2017 and Other Years That We Barely Survived (in Fiction) by Jonathan Strahan

[Editor’s note: part of our 2017 year-in-review essay series from the February 2018 issue of Locus]

The best science fiction of 2017 fell into one of two camps: tales of cli­mate change or stories of colonizing our solar system. Kim Stanley Rob­inson’s magisterial New York 2140, a personal pick for best novel of the year, showed everyone a way forward on how to discuss climate change and our collective future in the collapsing Anthropocene. Humorous, thought­ful, provocative and, above all, optimistic, it told of a world where ocean levels have risen 70 feet in 120 years and where life in the intertidal is all. Paul McAuley’s powerful Austral, set in an Antarctica that has warmed, melted, and been reimagined by ecopoets is in its own way almost equally good. And then there was the debut of the year, Annalee Newitz’s Autonomous, a Captain-Nemo-meets-Breaking-Bad story of a woman trying to make patented medicines freely available in a world where human effort is nakedly a commodity and where climate change has remade the world. These three books, along with novels like James Bradley’s fine young-adult The Silent Invasion (a rare book where I can’t wait for the sequel), Cat Sparks’s fine post-Mad Max adventure Lotus Blue, and Christopher Brown’s Tropic of Kansas, were part of science fiction’s most immediate response to changes in the world around us.

The other major science fictional concern for 2017 looked beyond Earth to a time when humanity has found its way off-world and has begun to occupy the Solar System. Possibly best exemplified by SyFy’s fine adaptation of James S.A. Corey’s Expanse series, which with season two became the best sci­ence fiction on television, this colonized solar system fiction has become the plausible go-to for mid-future SF if it is making any attempt to connect to the real world. The best examples of this in 2017 could be found in two lunar novels. Ian McDonald, who has been making a case for being the best SF writer in the world, delivered the second in his Luna series, Wolf Moon, which deftly and powerfully continued the saga of the Corta family and their ‘Game of Domes’ (as the PR would have it), while John Kessel’s won­derful and unexpected The Moon and the Other looked at gender identity, politics, and social con­flict in one of the novels of the year. It’s also hard to overlook the latest book of the Expanse, James S.A. Corey’s powerfully entertaining Persepolis Rising, which took the popular series in a new direction.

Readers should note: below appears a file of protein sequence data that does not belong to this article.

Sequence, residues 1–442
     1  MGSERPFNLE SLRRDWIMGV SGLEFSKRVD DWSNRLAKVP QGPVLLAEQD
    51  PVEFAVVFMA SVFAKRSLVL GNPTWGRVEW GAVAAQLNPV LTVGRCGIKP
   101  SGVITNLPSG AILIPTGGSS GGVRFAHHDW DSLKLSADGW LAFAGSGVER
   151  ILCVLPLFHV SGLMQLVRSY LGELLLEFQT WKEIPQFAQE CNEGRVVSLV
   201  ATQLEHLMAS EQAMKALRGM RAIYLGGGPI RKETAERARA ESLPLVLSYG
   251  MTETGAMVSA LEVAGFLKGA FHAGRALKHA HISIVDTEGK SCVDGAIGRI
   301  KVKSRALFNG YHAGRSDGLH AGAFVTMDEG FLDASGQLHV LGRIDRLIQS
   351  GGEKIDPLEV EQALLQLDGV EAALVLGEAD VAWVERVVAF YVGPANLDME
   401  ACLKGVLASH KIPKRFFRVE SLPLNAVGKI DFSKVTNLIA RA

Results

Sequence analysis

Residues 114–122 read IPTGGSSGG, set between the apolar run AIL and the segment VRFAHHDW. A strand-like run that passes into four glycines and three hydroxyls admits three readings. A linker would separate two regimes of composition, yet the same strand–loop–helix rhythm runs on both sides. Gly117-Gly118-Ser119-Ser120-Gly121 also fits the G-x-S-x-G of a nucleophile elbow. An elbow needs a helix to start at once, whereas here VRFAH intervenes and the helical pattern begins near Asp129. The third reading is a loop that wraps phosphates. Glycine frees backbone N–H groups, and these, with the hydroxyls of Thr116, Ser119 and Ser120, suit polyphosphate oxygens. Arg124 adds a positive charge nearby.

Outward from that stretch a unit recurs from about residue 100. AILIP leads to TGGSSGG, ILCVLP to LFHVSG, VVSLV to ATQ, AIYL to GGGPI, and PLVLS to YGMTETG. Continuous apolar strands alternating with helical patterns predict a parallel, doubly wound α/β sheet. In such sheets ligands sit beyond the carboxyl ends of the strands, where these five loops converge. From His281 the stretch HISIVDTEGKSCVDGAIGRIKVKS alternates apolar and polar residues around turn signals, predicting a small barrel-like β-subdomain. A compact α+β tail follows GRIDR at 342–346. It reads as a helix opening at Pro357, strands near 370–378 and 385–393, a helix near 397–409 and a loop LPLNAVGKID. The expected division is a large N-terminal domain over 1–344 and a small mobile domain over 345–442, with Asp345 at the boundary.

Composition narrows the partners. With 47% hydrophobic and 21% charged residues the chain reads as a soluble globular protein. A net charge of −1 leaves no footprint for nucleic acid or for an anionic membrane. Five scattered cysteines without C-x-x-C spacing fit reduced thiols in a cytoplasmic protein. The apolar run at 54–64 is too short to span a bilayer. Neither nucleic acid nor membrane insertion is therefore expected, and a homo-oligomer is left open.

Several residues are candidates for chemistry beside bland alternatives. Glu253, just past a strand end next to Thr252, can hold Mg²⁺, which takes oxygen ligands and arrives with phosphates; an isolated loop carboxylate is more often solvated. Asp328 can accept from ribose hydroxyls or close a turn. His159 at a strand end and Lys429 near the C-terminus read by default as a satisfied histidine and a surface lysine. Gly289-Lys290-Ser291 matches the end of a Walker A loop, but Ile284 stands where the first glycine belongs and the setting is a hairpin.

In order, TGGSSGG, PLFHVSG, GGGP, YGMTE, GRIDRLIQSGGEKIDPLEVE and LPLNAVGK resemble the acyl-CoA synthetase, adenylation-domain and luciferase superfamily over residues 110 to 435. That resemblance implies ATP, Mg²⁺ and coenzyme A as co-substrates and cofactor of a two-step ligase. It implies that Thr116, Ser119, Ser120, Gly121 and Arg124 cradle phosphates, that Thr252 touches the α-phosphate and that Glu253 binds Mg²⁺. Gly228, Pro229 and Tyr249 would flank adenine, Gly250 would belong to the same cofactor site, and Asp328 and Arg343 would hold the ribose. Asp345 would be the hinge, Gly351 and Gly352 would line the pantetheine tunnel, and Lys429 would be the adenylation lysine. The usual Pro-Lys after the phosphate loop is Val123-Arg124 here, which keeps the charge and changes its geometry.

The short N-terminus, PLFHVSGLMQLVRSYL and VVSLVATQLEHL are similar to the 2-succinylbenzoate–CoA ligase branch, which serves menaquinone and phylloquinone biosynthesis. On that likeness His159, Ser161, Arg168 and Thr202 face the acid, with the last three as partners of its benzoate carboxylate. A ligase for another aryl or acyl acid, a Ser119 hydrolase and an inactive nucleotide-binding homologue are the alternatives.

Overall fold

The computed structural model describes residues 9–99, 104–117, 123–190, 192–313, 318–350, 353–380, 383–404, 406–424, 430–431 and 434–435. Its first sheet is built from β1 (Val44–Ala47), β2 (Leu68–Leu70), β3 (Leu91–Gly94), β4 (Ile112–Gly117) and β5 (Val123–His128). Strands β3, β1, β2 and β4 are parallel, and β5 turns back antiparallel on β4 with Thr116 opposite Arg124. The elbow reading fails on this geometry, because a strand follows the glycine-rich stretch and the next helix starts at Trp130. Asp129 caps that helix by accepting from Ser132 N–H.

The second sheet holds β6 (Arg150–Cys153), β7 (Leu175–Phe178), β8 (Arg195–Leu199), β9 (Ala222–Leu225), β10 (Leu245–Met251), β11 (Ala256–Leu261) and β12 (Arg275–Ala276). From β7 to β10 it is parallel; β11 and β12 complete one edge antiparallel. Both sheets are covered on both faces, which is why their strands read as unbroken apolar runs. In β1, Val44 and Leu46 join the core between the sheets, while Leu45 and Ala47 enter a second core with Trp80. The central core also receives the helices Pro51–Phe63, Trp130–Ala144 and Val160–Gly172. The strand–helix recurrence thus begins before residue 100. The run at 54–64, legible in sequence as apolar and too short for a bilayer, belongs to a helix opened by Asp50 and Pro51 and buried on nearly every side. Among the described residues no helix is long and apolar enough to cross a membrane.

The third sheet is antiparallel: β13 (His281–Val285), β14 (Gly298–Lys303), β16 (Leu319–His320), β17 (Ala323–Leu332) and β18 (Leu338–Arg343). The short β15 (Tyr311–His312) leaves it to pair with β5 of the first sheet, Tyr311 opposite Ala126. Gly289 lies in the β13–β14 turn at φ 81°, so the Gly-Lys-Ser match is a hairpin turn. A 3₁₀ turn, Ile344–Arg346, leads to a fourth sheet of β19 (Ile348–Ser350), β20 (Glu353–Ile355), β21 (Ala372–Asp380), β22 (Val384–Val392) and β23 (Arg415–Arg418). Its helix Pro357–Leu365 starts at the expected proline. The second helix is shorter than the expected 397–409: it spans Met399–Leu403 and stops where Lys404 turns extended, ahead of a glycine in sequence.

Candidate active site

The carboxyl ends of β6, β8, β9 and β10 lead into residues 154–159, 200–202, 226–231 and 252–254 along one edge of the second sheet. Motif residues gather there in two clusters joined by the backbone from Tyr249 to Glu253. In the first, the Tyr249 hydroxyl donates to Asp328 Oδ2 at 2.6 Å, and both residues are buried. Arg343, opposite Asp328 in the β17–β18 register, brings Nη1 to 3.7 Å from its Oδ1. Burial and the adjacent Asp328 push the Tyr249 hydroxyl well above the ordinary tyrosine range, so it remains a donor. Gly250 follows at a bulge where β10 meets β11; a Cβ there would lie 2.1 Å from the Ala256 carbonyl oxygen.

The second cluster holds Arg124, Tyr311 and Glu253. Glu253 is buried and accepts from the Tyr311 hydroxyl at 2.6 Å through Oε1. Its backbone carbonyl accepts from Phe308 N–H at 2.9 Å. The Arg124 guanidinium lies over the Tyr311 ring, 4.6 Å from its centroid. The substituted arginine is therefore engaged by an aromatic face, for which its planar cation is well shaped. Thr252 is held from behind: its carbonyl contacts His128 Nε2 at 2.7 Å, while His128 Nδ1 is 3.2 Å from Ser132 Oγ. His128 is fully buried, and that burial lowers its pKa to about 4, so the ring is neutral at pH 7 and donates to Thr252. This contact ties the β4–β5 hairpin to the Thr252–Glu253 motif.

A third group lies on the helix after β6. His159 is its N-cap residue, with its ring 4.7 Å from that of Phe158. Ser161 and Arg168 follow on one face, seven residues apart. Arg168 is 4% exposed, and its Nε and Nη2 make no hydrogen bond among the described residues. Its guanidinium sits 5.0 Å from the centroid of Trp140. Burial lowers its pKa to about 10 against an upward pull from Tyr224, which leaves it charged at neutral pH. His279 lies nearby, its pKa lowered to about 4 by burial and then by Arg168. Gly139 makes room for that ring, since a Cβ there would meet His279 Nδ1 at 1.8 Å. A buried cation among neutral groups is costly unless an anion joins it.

There were other strong sci­ence fiction novels published during the year that fell outside these categories, or only touched on climate change or our leap offworld. Adam Roberts, con­sistently one of our best science fiction writers, followed his stunning The Thing Itself with an AI murder mystery, The Real-Town Murders, which puzzled, confounded, and reward­ed. Ann Leckie revisited her Ancillary universe with stand-alone Provenance, which confirmed, if it was necessary, that she has already matured into one of our pre-eminent writers, while Yoon Ha Lee deliv­ered Raven Stratagem, a satisfying middle volume to Lee’s debut space opera series. And I’m not sure it qualifies as SF, but Daryl Gregory’s Spoonbenders, about the magical Telemachus family, was simply a delight from start to finish. I’d also strongly recom­mend Kameron Hurley’s first space opera, The Stars Are Legion, and Ken Macleod’s latest, Emergence, which concludes the Corporation Wars series.